Stephan Urbach is part of Telecomix (previously), activists who worked tirelessly to keep the Internet on during the Arab Spring, when endangered despots were killswitching net links in a bid to keep protest from spreading.
Urbach wrote a bestselling account of his work called "Neustart," which received enthusiastic critical response. Now he's crowdfunding €3,800 to pay a professional translator to finish an English edition of the book (the first chapter's already done and online). €50 gets you a hardcopy of the book and an acknowledgement by name.
Urbach hopes that he will find it easier to source a mainstream English publisher for his story once it's already in English.
Telecomix was an international group of activists working for free communication. During the green revolution (known as „Arab Spring“) we were working with people on the ground in Egypt. When Mubarak shut down the internet, we deployed modem landlines and faxed the modem numbers to Egypt. People used them to write Emails, blogposts and upload small pictures form Tahrir.
When the protests started in Syria, we were working with Syrians to help them to get pictures and videos out of the country without getting caught by the Syrian intelligence services or the police.
We made friends with people in Syria. Some of them got killed by the Assad regime. We had hard times and struggled - as individuals and as a group.
I have held lectures about our work all over the world - from FSCONS in Sweden to Free Connected Minds in Beirut. From lectures in Harvard and Yale to DOKU:TECH in Prizren.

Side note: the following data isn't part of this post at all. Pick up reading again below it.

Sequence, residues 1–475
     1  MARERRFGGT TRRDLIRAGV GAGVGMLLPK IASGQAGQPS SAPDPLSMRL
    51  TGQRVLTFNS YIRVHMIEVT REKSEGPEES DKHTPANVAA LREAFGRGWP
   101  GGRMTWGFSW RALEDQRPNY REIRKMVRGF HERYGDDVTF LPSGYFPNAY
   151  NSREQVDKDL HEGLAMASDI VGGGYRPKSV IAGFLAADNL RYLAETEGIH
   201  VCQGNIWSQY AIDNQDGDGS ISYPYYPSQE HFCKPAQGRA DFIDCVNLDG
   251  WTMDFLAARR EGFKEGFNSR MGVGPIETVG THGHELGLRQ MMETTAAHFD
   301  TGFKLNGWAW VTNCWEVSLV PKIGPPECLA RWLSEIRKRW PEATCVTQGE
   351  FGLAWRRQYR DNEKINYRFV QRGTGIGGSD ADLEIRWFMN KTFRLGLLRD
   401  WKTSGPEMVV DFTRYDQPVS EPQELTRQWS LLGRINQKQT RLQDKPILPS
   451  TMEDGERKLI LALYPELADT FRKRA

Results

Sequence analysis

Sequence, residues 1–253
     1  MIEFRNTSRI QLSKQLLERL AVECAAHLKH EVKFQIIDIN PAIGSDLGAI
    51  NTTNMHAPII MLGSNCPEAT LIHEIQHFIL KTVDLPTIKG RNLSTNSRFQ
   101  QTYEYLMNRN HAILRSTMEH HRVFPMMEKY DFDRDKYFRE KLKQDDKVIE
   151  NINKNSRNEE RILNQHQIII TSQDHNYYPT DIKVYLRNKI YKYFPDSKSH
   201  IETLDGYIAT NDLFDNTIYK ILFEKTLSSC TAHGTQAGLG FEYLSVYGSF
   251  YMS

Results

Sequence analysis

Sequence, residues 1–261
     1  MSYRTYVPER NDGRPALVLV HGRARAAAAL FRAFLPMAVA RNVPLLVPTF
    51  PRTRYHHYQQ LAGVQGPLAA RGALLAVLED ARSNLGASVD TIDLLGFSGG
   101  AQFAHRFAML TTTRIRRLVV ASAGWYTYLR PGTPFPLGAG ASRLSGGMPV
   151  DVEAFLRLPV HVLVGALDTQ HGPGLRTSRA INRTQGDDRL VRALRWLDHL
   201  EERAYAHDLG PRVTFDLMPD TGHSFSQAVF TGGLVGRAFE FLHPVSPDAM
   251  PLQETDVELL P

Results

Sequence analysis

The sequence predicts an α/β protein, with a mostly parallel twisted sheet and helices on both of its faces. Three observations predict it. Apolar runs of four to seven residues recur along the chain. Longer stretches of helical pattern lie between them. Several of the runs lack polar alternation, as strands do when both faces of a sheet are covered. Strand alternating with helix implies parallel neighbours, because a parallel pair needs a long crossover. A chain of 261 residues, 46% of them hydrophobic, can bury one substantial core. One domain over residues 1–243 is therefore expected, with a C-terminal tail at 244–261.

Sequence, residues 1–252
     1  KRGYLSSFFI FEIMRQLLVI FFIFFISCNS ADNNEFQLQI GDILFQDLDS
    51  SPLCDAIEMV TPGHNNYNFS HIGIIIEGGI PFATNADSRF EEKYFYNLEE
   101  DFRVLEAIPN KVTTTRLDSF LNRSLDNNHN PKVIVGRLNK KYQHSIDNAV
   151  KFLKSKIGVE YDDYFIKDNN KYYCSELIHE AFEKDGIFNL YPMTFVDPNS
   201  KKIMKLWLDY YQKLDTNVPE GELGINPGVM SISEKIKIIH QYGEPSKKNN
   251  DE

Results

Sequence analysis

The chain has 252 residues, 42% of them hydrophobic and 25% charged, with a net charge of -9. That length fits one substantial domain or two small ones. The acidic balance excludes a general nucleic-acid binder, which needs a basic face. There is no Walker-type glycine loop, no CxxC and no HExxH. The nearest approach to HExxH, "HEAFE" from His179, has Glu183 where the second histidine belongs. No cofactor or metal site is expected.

Together with Ingo Petz I wrote a book about the events and my life as an activist. It has, in fact, been published in German by a large publisher. You can get it in German on Amazon, as an import in any bookstore or in my own shop. It has received great reviews in the media.
There is a book called .REBOOT and we need to get it into English!
Dale Maharidge is a journalist and J-school professor who is dear old friends with the muckracking, outstanding political documentarian Laura Poitras. Jessica Bruder (previously) is a a writer and J-school prof who's best friends with Maharidge. When Laura Poitras was contacted by an NSA whistleblower who wanted to send her the leak of the century, she asked Maharidge for help finding a safe address for a postal delivery, and Maharidge gave her Bruder's Brooklyn apartment address. A few weeks later, Bruder came home from a work-trip to discover a box on her doormat with the return address of "B. Manning, 94-1054 Eleu St, Waipau, HI 96797." In it was a hard-drive. The story of what happened next is documented in a beautifully written, gripping new book: Snowden's Box: Trust in the Age of Surveillance.
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For wine lovers around the world, it’s all about discovery. Once they get a taste for the grape, oenophiles are rarely satisfied with even the most carefully curated, go-to vintages. There’s always a hunt for the next great pairing, the thrill of uncorking a bold new Tempranillo or sublime Moscato. That feeling is a jones […]
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Python is everywhere. Just look under the hood of virtually every major tech player of the 21st century and you’re likely to find a whole lot of Python-based coding language staring back at you. Case in point: Netflix. You may not know it, but from its security protocols to its much-hyped recommendations, it turns out […]